Dear parish family,
The Scripture readings for Mass this Sunday invites us to reflect on the sin of indifference. In our first reading, the prophet Amos vividly describes and roundly denounces the self-indulgent, complacent, and comfortable lifestyle of the wealthy who ‘Lying on ivory beds and sprawling on their divans, they dine on lambs from the flock and stall-fattened veal’, but do not care about the afflictions of the poor (Amos 6:4), He identifies their basic sin as indifference.
In the Gospel reading from St. Luke, Jesus recounts a familiar rich man vs. poor man folk tale, adding fresh and telling nuances. In the parable, the poor man has a name, Lazarus, which means “God will help”, whereas the rich man has no name. Usually, it is the poor who are nameless, while the rich have names, glamor, fame, and fortune. Furthermore, the fortunes of Lazarus and the rich man are reversed. The final destiny of Lazarus is to be “carried away by the angels to the bosom of Abraham”, whereas the rich man ends up “in torment in the netherworld” (Lk 16:22-23). Was the rich man condemned because of his abundant wealth and earthly possessions? Absolutely not. Rather, he was condemned to the place of torment and suffering because he was indifferent to the needs of the poor Lazarus. Like the prophet Amos, Jesus pinpoints indifference as the basic sin of the rich man. Cushioned by his lavish lifestyle, he is utterly oblivious to the presence of the poor man at his gate, starving and ‘covered with sores’ (Lk 16:20). He fails to see Lazarus as a fellow human, a brother, in dire need. The story shows how the worlds of the rich and poor can exist side by side but never meet.
Indifference is perhaps the worst of all sins. It lies at the root of so many other sins of neglect. Indifference does not mean that one is unaware of injustice or oblivious to the needs of the poor. Rather, this attitude says that the situation or person at hand isn’t worth the emotional energy either way. In other words, indifference doesn’t even care. It keeps us small and locked in self-preservation mode. It forces us to settle for less than we were created to be. It numbs our heart and our capacity to feel. It’s the sin that says, “What’s the use?” in the face of anything that involves commitment, perseverance, and sacrifice, which is almost everything that gives life meaning.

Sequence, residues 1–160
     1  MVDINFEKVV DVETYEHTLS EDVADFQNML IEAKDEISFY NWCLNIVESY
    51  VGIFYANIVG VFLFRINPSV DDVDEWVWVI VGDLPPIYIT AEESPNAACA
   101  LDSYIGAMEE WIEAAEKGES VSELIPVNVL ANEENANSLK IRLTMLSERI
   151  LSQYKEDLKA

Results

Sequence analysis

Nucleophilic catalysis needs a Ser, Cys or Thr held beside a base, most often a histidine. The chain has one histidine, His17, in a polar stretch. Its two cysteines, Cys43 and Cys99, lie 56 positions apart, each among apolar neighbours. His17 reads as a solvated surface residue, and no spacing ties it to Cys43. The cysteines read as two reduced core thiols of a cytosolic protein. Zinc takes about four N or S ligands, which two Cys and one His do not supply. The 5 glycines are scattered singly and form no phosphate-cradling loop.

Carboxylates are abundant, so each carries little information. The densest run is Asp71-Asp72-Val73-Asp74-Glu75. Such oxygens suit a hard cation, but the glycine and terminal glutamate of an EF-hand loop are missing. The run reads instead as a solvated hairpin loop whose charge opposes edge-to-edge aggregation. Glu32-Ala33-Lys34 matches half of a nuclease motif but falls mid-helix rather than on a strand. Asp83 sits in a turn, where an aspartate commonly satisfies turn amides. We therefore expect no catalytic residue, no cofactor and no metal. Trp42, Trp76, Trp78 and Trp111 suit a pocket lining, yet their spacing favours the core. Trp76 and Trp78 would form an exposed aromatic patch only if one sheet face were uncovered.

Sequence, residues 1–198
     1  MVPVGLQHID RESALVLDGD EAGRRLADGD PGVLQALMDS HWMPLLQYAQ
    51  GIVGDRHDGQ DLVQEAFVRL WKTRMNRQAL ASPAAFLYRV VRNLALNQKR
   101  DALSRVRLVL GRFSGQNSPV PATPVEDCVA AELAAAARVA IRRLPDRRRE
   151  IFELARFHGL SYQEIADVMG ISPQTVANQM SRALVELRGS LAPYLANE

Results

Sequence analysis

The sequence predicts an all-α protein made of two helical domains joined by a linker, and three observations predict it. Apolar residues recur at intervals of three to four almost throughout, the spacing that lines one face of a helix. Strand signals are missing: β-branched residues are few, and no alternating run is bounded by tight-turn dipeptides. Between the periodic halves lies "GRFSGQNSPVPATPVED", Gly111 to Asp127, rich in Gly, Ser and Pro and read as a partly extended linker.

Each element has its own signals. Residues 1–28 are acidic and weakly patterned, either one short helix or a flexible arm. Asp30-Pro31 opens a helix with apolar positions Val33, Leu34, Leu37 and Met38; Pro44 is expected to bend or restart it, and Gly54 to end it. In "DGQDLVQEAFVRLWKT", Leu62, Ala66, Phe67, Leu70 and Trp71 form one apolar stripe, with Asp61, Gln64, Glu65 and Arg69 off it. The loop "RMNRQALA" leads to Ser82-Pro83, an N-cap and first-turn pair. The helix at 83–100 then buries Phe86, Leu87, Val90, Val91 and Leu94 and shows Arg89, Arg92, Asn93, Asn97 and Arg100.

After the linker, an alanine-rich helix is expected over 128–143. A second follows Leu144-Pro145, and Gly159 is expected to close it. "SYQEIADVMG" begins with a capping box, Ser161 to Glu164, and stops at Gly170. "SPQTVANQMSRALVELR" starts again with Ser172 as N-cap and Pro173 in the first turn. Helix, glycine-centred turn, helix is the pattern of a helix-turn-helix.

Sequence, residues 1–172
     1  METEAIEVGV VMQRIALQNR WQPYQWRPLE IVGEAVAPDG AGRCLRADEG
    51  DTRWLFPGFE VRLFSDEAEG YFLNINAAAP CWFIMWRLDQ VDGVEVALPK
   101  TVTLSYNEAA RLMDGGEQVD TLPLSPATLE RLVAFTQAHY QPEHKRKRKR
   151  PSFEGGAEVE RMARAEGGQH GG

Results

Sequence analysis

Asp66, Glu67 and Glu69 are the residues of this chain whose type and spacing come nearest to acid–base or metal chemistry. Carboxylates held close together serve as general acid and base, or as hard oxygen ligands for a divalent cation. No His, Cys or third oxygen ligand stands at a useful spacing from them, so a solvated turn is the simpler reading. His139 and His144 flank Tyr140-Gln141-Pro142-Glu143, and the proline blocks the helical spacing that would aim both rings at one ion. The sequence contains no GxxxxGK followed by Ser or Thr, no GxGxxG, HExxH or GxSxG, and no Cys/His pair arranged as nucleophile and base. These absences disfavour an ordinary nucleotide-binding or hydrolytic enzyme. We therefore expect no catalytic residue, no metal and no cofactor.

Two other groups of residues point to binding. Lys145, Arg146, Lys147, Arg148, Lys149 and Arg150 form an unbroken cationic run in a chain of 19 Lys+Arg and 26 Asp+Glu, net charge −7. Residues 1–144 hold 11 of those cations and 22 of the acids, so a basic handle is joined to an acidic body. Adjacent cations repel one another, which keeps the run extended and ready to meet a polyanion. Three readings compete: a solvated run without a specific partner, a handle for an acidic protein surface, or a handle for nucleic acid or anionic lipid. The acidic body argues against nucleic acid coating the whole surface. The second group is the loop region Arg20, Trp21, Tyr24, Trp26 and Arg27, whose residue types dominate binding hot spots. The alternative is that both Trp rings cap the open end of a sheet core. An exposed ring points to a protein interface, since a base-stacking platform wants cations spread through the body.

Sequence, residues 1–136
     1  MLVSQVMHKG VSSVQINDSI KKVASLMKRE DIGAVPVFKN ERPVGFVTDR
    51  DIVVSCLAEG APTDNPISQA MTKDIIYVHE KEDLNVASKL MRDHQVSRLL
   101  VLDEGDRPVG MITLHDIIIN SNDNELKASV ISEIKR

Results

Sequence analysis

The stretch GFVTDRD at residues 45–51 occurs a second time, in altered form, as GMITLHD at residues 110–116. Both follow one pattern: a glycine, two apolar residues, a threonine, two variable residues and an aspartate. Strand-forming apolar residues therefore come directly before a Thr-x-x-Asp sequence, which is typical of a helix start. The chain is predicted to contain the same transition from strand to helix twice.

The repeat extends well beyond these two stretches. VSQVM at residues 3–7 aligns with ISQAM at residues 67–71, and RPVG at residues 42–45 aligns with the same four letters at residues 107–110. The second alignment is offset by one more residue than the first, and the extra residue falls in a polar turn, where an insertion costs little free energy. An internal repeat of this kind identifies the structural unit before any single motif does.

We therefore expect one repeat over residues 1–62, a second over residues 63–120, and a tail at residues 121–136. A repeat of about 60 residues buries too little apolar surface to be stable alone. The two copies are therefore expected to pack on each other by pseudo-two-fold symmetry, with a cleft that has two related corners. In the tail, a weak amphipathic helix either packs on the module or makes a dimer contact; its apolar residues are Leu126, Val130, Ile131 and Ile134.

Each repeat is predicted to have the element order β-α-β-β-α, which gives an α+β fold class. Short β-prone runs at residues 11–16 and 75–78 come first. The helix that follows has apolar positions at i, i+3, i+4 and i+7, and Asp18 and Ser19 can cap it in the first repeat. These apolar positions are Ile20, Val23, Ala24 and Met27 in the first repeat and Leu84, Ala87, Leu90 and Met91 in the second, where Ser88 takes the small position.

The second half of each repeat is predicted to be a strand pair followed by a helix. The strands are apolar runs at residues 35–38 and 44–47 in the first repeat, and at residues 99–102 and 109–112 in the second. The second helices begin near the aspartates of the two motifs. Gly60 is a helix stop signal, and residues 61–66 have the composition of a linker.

The parable of the rich man and Lazarus is particularly relevant to our time, when the gap between the rich and the poor continues to grow. We are all aware that the recent dramatic increase in the price of gas and basic food supplies is having dire consequences for everyone, especially the poor. Many are unable to make ends meet. We are also aware of the constant influx of migrants who are arriving to our city. Perhaps you have met some of them right here in our neighborhood. At the meeting with the priests and staffs of parishes in our Deanery this past week, I learned, with great surprise, that several thousands of migrants have been placed in hotels across Astoria by the city government. Most of them arrive with nothing, and many have families and small children. A representative from St. Rita’s Church in Long Island City reported that her parish is completely overwhelmed by the needs of this enormous population. Everyday, people come knocking on the door of the church office pleading for food, clothing, shoes, toiletries, baby products and other social services, which are beyond any one parish’s ability to provide. Their stories have broken my heart.
We may say that this is a problem for the government to solve, but it must be our concern, too, as Christians. We cannot be indifferent to the poverty around us. We are our sisters’ and brothers’ keepers. As St John Chrysostom, that great champion of the poor, reminds us, we cannot celebrate the presence of Christ in the Eucharist without serving Him present in the poor: “Do not pretend to honor Christ in the Church while you neglect him outside where he is cold and naked” (Homily 50, 3-4). Saint John Paul II once urges us, “We cannot stand idly by, enjoying our own riches and freedom, if, in any place, the Lazarus of the twentieth century stands at our doors. In the light of the parable of Christ, riches and freedom mean a special responsibility. Riches and freedom create a special obligation.” (Homily at Yankee Stadium, 2 October 1979).
Without going into the debate about who should be responsible for this humanitarian crisis that is a hot-button issue here in our nation, I believe that each one of us has a moral responsibility to assist these brothers and sisters in charity. It is also a unique opportunity for evangelization, which lies at the heart of what we do as Church. For this reason, I am working with the pastors of every parish in our Deanery to plan a special Food Drive throughout Astoria in the coming week. Details will be available to you as soon as we get the green light from organizers. Stay tune for more information in next weekend’s bulletin.
Dear brothers and sisters, as St. Josemaria wrote: “Time is our treasure, the ‘money’ with which to buy eternity” (Furrow, n. 882). May the Word of God this Sunday spur us to move from indifference to compassion. Let us remember that the works of mercy carried out in this life will have a direct consequence in the next, for the love of neighbor is inseparable from, and is the “thermometer” of an authentic love for God.
Devotedly yours in Christ,
Msgr. Cuong M. Pham